Fred W. Lukens, manager of the Chicago-Virden coal Co., appeared before Judge Owen Thompson in the Sangamon county circuit court at Springfield Saturday and prayed for an order of injunction to prevent a number of miners from appearing on the property of said company and to prevent them doing harm to said property. A bond of $2,500 was given. Judge Thompson gave an order upon the Macoupin County Circuit court, directing the circuit clerk to issue writs against the following persons, returnable at the January term of circuit court:

Ed Cahill, John Belden, Andrew McWhinney, L. Rothenbucher, P. F. Delehanty, J.D. Foley, Wm. Thurton, Wm. Caskey, John Garrison, R. J. Edwards, Reuben Graham, John Jurik, J. Bond, a Oleson, J. D. Knott, G. Beard, W. G. Caskey, Wm. Falkington, F. W. Burnes, V. Dunnegan, Thos. Worthington, V. Bishop, Wm. Murphy, Jack Murphy, James Cooley, A. Westbrooke, George Mothersham, Thos. Gallagher, Peter Brown, H. Humphries, B. H. Landes. The writs were given to the sheriff to be served today.

Macoupin County Enquirer, October 10, 1898


Governor Tanner has refused troops for Virden. As mentioned exclusively in Saturday night's ENQUIRER, the sheriff made the demand with a strong belief his plea would b granted. That it was not is due to the report of a committee of the state federation of labor, which informed the governor that troops were not needed and Lukens was playing a big game of bluff for his own purpose. The warrants for apprehension of strikers who "coaxed' the four Chicago policemen out of town have been issued, but that matter has been carefully kept from publication. The results will be apparent in several days. The sheriff who is in Virden today, received blank forms for commanding citizens of the county to join any posse comitatus he will be required to organize in pursuanco to the advice of the governor for preservation of law and order, and any one who refuses to serve, when deputized, is to be reported to the state's attorney for prosecution according to statute provided. The penalty in such case is a fine of not less than $10 nor more than $50. Every person over 18 years of age is liable to be called.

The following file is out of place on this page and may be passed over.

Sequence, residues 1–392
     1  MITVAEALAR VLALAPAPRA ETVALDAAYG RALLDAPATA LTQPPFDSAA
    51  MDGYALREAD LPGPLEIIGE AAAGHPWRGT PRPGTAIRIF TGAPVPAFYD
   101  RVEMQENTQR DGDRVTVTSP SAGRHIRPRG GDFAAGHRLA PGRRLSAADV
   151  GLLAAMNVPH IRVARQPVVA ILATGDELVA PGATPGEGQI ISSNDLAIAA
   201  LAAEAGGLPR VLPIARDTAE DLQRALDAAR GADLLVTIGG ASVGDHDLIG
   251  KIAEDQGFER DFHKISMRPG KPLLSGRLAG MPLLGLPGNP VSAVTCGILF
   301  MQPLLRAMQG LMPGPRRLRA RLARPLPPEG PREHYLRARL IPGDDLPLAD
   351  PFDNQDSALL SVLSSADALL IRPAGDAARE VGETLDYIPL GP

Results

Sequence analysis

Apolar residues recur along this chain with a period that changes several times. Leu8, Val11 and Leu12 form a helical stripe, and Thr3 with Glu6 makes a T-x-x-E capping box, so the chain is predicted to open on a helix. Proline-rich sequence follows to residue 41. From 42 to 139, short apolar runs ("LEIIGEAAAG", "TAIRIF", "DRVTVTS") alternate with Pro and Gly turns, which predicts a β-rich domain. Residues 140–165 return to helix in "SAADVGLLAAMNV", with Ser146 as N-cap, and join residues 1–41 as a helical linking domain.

The local miners intercepted Henry Smith, of Pryor, Colo., Saturday night, who had come on to work for Lukens as fire boss. He was to receive $70 a month and showed letters from Lukens telling him to get off at Girard, where he would be met. When Smith heard of the situation at Virden, he refused to work under such circumstances. The union will send him back home at its own expense.